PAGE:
DecodeME will be the world’s largest genetic study of Myalgic encephalitis (ME) / Chronic Fatigue Syndrome (CFS). The current largest is by the UK Biobank, which analysed the DNA of people with self-reported CFS. Has the study help unravel the genetic secrets of ME/CFS? Here’s what we learned from a paper just published.

Quick summary: The study did not find a gene with rare DNA changes which make people with those changes more likely to develop ME/CFS. Why was a genetic signal not found? Likely reasons include: many more people need to be studied, or a narrower definition of ME/CFS is needed.

There is no gene for ME / CFS.

The background: The UK Biobank undertook a genetic analysis of 1,232 people with self-reported CFS, alongside thousands of other medical conditions.

DecodeME uses a method called a genome-wide association study (GWAS) to focus on DNA letters that are often different among humans. This UK Biobank project focuses, instead, on very rare DNA letters. They wanted to see whether these rare changes often hit the same gene for a particular condition.

A similar approach, using much less data, had previously been used to support the IDO Metabolic Trap Hypothesis that rare changes in a gene called IDO2 predispose people to ME/CFS. Using the new data we can immediately see whether any gene is often damaged in ME or ME/CFS.

The results: If IDO2, or any gene, has many more rare damaging DNA changes in people with CFS (compared with others) then its data point – the coloured triangles – would be higher up on the graph than data points for genes whose DNA doesn’t affect CFS. To be significant a gene’s data point should lie above one or both of two thresholds, shown in the plot as horizontal blue dashed lines.

Graph showing genetic changes across genes

Graph showing genetic changes across genes

As you can see, there is no gene (not even IDO2) that has suffered many more rare damaging changes in people with CFS than in others. This is disappointing. If there was such a gene then scientists could immediately begin to experimentally investigate it.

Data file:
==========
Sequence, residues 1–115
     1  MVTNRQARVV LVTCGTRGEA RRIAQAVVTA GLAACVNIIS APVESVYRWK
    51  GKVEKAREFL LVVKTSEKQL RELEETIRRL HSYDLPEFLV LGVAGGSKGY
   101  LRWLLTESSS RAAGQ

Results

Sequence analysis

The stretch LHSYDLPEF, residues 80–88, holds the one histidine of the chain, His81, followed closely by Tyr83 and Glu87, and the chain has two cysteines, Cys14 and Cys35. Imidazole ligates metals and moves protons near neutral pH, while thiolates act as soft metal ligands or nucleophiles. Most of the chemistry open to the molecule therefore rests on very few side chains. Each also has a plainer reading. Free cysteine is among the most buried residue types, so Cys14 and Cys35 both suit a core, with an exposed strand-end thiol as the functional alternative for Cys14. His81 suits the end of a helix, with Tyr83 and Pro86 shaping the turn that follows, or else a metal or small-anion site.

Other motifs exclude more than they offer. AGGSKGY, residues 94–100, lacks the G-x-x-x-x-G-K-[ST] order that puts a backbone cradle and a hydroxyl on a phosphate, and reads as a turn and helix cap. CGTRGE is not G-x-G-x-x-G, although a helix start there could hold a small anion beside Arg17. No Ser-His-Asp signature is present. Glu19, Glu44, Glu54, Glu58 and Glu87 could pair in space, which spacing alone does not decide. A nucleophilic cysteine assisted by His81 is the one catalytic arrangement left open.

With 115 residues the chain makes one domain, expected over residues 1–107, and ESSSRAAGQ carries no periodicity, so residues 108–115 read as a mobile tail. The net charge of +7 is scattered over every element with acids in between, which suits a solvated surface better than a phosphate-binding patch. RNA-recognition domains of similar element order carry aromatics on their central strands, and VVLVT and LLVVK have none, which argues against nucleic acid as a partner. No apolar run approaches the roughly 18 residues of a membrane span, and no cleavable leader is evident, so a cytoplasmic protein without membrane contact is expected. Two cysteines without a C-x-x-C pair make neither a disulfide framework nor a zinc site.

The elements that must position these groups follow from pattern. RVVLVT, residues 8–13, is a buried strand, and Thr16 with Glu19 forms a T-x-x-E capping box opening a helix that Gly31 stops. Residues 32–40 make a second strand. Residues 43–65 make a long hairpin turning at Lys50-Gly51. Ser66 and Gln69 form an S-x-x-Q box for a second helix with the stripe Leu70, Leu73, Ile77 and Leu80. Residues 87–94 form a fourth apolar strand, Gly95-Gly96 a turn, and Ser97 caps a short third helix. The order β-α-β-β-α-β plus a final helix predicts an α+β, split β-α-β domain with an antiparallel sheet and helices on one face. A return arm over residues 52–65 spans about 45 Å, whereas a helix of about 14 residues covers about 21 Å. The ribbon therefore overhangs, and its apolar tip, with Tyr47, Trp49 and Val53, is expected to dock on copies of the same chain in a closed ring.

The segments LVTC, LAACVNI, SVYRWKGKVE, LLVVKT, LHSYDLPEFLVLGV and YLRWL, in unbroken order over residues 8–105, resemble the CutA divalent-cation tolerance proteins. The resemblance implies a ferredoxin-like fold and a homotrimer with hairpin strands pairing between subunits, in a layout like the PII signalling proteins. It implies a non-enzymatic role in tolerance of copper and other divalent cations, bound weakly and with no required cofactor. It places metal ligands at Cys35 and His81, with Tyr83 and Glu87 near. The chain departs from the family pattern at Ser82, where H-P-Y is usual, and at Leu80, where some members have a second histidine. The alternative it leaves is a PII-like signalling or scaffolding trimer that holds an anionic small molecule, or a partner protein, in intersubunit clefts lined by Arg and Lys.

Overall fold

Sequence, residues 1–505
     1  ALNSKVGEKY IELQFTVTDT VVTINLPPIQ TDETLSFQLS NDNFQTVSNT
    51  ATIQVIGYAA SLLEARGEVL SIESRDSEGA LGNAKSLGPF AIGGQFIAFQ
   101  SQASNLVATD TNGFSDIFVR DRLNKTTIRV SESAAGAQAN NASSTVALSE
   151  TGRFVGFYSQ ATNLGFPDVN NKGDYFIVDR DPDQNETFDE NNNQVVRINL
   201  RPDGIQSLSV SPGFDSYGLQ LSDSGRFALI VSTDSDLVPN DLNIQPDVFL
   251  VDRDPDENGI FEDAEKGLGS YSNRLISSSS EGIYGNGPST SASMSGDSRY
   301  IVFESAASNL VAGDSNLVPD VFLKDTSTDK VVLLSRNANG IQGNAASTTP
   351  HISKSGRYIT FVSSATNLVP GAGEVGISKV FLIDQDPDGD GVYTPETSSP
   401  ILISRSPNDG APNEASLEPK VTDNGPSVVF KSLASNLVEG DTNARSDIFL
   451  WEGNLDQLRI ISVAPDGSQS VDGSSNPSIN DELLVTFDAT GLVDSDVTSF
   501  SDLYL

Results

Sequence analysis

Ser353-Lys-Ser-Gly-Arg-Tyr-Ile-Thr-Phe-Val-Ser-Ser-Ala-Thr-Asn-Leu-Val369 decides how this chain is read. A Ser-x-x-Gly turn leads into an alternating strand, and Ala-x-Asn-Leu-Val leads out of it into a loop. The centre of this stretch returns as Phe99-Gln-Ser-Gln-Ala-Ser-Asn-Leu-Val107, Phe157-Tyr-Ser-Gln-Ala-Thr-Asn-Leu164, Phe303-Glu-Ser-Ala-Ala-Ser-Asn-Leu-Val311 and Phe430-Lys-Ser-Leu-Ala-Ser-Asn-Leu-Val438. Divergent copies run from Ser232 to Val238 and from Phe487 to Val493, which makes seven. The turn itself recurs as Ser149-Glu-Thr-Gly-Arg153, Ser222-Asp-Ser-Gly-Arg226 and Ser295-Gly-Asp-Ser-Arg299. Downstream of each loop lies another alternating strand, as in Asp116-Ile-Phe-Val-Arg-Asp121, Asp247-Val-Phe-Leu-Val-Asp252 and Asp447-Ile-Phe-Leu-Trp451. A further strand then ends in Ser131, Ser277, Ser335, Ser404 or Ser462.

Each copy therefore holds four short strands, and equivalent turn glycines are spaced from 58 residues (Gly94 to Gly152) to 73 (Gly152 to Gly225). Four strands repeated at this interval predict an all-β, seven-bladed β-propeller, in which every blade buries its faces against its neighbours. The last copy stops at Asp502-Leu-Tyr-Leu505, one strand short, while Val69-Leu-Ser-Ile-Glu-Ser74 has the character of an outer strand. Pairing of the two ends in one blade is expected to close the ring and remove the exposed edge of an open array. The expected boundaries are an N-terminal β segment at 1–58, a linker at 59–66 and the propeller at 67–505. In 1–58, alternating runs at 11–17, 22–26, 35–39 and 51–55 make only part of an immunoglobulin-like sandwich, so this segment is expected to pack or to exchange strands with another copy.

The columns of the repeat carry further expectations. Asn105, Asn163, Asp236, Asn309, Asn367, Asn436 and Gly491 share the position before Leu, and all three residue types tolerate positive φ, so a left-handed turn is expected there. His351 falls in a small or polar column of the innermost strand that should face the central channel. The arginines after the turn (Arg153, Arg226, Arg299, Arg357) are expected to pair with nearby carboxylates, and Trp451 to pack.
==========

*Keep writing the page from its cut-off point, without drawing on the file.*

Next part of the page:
So why was there no “genetic signal”, despite this large study of 1,232 people? A likely reason is that the DNA of many, many more people is needed to detect this signal – the study is “under-powered”. Another possible reason is that people in this study had self-reported being diagnosed with CFS, and a narrower definition of ME (or ME/CFS) would be needed to improve the signal.

How does this relate to the DecodeME study?
DecodeME is focusing first on DNA letters that are often different between people, and not on rare DNA changes, as in this UK Biobank analysis. This is because genome sequencing technology – needed to find rare DNA changes – is about ten-times more expensive than surveying common DNA differences.

However, DecodeME does plan to store a DNA sample from anyone who provides their consent. This means that – as soon as possible, once additional funds are secured – rare DNA variants from many more thousands of people with ME/CFS can be sequenced.

UK Biobank’s research announcement reveals the scale of the challenge to find genetic signals of ME/CFS. It is clear that there is no “ME/CFS gene”, or even a handful of such genes. Instead, each person with a genetic predisposition to ME/CFS will have many DNA changes – both rare and common – that have tipped the balance in favour of disease over health.

It is our goal to begin cataloguing these DNA changes. This will eventually help scientists work out how to intervene and tip the balance back towards health.

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